Reptiles and amphibians can be great pets, providing us with a sense of adventure and fun. The study of reptiles and amphibians is called herpetology; this is why they are often referred to as “herps”. These fun creatures have truly unique requirements for them to live long, happy, healthy lives. Reptiles live solely on land; lizards, snakes, and turtles make up this category. Amphibians get their name because they live both on land and in the water; frogs, toads, and salamanders are the members of this family. While the two groups have their own unique requirements, they have many similarities.
While humans have domesticated many of these animals, their nutritional needs remain the same as their wild cousins. All herps need to be fed what they are designed to eat. This means the diet you feed your exotic should resemble the diet they would eat if they were in the wild. Since their diets vary greatly, please ask your veterinarian what an ideal diet for your pet should look like.
This is perhaps the most important factor in enabling your herp to have a fantastic life. Since both reptiles and amphibians are cold-blooded, proper UV lighting is crucial to their health and well-being. The UV lighting required is species specific and should be discussed with your veterinarian. Many herps are also sensitive to temperature and need proper thermoregulation year round since they do not hibernate when in captivity. Proper lighting can provide both UV exposure and temperature needs to be met. Please keep in mind that they require periods of darkness, as well as a place to hide and cool down if they decide they become hot.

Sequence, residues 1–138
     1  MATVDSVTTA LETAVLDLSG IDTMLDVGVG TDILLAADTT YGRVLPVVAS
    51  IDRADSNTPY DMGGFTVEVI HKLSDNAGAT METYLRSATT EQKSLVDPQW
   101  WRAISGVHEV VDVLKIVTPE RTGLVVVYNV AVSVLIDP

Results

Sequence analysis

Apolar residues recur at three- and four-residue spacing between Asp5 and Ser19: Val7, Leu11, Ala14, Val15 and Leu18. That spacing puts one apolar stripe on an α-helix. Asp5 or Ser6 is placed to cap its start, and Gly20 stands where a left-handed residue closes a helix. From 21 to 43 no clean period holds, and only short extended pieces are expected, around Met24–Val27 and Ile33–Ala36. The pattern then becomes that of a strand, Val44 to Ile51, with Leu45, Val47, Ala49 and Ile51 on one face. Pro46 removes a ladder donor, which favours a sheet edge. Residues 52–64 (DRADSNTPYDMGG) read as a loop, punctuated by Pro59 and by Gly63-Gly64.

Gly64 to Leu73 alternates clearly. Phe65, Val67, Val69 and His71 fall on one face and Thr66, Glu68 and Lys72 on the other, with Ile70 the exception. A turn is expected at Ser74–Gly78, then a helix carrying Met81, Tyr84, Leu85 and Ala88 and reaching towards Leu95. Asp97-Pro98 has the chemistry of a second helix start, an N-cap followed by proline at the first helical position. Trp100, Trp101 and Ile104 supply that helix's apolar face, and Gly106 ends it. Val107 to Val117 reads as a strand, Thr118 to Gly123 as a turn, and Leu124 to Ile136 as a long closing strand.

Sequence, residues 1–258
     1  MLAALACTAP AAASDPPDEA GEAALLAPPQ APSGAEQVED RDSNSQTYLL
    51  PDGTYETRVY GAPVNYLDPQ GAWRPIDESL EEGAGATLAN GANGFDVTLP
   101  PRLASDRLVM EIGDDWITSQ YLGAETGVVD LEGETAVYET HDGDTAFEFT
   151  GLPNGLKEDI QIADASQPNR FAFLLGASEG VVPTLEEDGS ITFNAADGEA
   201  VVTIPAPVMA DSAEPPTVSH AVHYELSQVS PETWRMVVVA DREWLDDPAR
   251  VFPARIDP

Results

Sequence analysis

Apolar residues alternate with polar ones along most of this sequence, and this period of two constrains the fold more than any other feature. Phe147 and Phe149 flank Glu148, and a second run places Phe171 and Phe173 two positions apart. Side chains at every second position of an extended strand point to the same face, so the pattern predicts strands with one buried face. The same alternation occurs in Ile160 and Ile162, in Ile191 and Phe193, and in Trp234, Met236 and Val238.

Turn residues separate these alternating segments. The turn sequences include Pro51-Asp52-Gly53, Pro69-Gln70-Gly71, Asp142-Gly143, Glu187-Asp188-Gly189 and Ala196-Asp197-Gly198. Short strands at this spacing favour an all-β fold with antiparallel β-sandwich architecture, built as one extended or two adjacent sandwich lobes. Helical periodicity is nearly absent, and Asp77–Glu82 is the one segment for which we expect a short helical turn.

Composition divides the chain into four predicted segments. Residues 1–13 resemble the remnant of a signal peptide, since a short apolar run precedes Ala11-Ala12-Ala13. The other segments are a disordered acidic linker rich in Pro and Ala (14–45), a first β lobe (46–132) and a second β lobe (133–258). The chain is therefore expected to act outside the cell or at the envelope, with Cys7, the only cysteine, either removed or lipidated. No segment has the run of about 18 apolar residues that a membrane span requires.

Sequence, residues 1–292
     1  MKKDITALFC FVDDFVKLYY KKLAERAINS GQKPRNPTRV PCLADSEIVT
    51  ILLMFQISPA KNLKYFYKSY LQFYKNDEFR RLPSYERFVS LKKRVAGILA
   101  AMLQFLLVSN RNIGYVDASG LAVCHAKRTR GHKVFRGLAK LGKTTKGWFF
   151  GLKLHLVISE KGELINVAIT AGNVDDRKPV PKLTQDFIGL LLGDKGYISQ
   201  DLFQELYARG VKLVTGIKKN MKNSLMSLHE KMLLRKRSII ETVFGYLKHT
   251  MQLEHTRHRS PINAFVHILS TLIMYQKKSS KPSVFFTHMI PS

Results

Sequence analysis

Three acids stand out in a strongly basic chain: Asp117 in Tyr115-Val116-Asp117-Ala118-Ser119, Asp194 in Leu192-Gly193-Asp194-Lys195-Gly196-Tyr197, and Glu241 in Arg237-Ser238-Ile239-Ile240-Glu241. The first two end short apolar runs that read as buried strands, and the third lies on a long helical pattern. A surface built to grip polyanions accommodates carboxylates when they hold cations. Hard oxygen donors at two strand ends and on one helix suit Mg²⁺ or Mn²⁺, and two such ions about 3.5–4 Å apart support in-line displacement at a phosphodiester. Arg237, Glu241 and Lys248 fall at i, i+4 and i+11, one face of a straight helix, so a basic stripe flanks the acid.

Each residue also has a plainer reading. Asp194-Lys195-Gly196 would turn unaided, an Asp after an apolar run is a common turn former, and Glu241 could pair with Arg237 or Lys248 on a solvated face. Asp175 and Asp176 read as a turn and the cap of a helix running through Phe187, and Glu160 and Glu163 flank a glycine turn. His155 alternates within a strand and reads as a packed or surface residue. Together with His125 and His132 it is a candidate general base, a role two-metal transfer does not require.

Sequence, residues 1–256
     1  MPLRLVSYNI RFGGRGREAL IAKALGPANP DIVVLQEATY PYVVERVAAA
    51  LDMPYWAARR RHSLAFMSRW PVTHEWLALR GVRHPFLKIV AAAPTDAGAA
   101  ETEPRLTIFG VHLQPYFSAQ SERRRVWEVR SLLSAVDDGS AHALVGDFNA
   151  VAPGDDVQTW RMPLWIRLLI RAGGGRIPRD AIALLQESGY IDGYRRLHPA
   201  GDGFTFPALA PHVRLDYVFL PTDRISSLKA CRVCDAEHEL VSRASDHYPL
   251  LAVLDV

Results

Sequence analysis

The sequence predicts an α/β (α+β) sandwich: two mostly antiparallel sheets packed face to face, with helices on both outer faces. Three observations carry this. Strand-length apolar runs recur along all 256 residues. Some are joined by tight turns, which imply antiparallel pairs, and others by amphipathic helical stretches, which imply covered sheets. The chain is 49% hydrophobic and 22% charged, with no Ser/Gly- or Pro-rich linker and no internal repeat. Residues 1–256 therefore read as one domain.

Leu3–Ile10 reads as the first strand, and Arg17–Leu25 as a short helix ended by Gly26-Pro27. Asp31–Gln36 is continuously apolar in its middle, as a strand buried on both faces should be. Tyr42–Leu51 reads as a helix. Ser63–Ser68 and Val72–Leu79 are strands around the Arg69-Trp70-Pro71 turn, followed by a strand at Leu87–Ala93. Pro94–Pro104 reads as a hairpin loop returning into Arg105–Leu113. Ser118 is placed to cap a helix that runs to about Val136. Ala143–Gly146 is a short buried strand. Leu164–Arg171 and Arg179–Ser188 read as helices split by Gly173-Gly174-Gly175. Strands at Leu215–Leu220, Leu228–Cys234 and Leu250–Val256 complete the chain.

Amphibians have additional enclosure requirements. Since amphibians are dependent on water sources to live, they need proper pools. The needs for the type and size of pool will vary by species. Amphibians also need a proper level of humidity; they typically live in tropical areas with high humidity levels. Be sure you are able to provide an enclosure that will maintain ideal humidity levels for your specific exotic.
Most reptiles and amphibians will not need extensive amounts of exercise. Since they are cold-blooded, their energy levels and exercise requirements will vary based upon their body temperature. Generally, we suggest observing your pet and allowing them to decide how much they do or do not want to exert themselves. It is important to note the regular habits of your herp so you will be able to detect a change in behavior, which may signal they require medical attention.
Some owners of reptiles and amphibians may not realize their pet requires enrichment, just as common pets do. All herps are natural hunters. They play an important part of wild ecosystems in which they manage the population of many bugs and even some small exotic mammals, such as mice. Whenever possible, present your exotic with the opportunity to hunt for their food! This could include providing them with live food, or hiding their food in their enclosure for them to seek out. Hunting is the best form of enrichment for reptiles and amphibians.